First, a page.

Treasury Unveils More Sanctions on Russian Individuals, Entities Over Ukraine Conflict

Vladimir Putin
Vladimir Putin / AP

The U.S. Treasury Department is expanding sanctions to more Russian individuals and entities in connection to the conflict in Ukraine.

The department on Tuesday announced seven individuals and eight entities that will now be subject to sanctions related to Russia's occupation of Ukraine's Crimean Peninsula and the ongoing fighting in eastern Ukraine.

One of the individuals designated by Treasury,  Yevgeniy Prigozhin, is said to have extensive business dealings with the Russian Federation's defense ministry. Treasury also said that a company with "significant ties" to Prigozhin has obtained a contract to construct a military base near Russia's border with Ukraine.

"Russia has been building additional military bases near the Ukrainian border and has used these bases as staging points for deploying soldiers into Ukraine," the release states.

Additionally, individuals named Kirill Kovalchuk, Dmitri Lebedev, Dmitri Mansurov, Mikhail Klishin, Oleg Minaev, and Mikhail Dedov are now sanctioned for "acting for or on behalf of and providing financial, material, or technological support to Bank Rossiya, ABR Management, or Sobinbank," all of which are already subject to sanctions.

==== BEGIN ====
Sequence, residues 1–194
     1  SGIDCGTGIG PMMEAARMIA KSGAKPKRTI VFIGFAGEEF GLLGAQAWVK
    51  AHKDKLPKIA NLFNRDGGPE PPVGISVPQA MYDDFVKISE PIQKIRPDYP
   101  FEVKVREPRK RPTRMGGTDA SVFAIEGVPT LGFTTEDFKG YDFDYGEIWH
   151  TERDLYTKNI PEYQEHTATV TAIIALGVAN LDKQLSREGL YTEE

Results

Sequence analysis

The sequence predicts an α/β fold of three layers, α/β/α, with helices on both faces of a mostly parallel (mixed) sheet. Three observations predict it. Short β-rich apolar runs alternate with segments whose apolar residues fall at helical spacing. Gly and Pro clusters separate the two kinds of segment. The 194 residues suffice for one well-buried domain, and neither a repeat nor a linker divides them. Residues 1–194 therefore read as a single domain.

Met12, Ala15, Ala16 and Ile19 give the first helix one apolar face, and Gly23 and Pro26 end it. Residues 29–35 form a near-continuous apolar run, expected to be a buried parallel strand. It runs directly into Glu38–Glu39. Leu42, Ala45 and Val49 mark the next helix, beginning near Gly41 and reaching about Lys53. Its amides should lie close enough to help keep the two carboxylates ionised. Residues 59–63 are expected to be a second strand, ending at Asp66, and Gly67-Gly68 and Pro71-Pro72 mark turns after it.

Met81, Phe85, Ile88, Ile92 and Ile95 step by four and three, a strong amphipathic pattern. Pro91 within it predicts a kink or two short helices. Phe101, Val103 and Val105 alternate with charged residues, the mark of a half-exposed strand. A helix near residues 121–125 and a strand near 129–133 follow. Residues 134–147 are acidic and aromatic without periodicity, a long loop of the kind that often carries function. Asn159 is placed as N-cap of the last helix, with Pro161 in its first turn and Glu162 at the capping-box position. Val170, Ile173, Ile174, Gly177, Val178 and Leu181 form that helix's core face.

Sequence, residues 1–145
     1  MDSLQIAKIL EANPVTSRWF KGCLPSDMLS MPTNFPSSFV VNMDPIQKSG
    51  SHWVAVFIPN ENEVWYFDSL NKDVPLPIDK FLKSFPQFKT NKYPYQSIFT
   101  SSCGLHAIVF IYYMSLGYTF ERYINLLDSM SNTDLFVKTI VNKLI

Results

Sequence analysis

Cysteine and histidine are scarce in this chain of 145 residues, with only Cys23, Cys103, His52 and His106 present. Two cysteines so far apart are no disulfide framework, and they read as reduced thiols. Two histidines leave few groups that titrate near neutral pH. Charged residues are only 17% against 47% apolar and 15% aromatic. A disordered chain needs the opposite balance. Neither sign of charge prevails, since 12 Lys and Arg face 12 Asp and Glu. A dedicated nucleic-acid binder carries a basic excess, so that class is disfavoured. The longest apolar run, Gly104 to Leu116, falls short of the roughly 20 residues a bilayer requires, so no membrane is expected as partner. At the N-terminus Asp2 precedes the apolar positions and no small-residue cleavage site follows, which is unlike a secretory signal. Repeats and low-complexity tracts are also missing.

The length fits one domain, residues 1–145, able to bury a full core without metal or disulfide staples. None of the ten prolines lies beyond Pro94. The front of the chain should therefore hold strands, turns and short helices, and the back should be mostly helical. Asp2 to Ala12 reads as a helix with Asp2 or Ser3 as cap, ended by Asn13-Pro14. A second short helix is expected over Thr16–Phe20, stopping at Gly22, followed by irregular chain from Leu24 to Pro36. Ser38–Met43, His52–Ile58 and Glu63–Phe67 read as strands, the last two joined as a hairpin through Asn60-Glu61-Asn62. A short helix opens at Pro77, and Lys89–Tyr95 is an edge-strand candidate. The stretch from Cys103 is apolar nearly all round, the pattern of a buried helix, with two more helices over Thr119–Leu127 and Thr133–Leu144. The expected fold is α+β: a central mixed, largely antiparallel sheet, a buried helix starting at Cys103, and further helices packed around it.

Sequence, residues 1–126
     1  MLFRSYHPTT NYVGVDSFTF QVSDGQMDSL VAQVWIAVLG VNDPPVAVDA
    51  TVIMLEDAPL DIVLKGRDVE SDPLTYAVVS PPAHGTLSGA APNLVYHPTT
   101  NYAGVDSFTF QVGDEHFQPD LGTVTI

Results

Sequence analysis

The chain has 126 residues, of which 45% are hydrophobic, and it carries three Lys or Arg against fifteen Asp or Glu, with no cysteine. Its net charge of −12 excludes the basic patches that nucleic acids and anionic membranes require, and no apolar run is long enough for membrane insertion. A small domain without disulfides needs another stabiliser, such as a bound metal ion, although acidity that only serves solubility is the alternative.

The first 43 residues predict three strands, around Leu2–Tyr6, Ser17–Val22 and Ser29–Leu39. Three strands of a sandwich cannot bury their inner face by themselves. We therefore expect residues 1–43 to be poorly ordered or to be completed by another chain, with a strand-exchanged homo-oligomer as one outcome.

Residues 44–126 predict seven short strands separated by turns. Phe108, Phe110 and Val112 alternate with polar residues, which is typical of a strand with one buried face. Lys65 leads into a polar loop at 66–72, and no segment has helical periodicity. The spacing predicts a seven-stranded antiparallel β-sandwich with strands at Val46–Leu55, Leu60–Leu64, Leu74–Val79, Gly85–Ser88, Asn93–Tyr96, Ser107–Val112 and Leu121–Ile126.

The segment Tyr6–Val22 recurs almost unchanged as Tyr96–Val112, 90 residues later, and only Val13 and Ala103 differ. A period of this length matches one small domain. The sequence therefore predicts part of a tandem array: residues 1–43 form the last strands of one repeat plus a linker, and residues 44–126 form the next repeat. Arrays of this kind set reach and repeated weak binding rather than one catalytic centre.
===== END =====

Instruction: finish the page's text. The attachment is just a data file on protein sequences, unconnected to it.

Among the companies newly sanctioned are two that are involved with the Kerch Bridge project, a road-rail bridge that the Russian Federation is constructing over the Kerch Strait to connect the Russian mainland to the eastern tip of Crimea. Others include Crimean Railway, a Russian-sponsored business operating rail systems in Crimea, and Crimean Ports, which maintains safety at seaports throughout the region of Crimea.

"Today's action is in response to Russia's unlawful occupation of Crimea and continued aggression in Ukraine," John Smith, acting director of the Treasury's Office of Foreign Assets Control, said Tuesday.  "These targeted sanctions aim to maintain pressure on Russia by sustaining the costs of its occupation of Crimea and disrupting the activities of those who support the violence and instability in Ukraine."

Treasury also identified 26 subsidiaries that are owned 50 percent or more by previously-sanctioned Russian companies that are likewise now subject to sanctions.

The new sanctions were unveiled one day after the European Union formally extended economic sanctions on Russia for an additional six months. The sanctions, which were first introduced in July 2014 following Russia's invasion of Crimea, will now hold until July of next year.

Russia first intervened in Ukraine in the spring of 2014 and annexed Crimea. Despite U.S. and EU sanctions, Russian-backed separatists have continued to fight Ukrainian forces on the country's eastern flank for more than two years.